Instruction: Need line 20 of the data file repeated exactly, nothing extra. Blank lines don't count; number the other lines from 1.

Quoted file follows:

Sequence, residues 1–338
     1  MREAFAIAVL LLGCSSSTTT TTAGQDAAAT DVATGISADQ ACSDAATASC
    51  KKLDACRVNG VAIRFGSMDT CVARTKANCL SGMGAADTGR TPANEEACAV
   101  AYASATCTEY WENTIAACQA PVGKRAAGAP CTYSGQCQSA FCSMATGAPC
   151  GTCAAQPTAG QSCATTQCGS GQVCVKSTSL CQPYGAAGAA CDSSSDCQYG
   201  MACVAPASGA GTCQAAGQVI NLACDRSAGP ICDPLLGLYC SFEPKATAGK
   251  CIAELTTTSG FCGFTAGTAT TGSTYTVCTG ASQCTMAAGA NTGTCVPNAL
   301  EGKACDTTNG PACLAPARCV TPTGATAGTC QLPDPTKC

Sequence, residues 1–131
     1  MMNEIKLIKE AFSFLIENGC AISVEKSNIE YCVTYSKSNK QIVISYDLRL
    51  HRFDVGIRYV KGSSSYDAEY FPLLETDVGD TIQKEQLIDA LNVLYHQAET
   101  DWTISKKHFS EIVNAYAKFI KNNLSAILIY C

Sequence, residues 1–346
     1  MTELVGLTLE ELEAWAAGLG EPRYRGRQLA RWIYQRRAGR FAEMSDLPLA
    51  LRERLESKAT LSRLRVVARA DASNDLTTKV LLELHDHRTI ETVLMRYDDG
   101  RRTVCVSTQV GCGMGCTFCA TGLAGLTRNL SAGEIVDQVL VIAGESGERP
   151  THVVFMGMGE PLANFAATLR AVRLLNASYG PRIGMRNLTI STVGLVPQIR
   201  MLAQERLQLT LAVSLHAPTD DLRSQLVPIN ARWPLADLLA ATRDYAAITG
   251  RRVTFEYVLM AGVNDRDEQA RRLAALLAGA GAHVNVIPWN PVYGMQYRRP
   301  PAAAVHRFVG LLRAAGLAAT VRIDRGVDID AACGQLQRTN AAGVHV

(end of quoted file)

   301  PAAAVHRFVG LLRAAGLAAT VRIDRGVDID AACGQLQRTN AAGVHV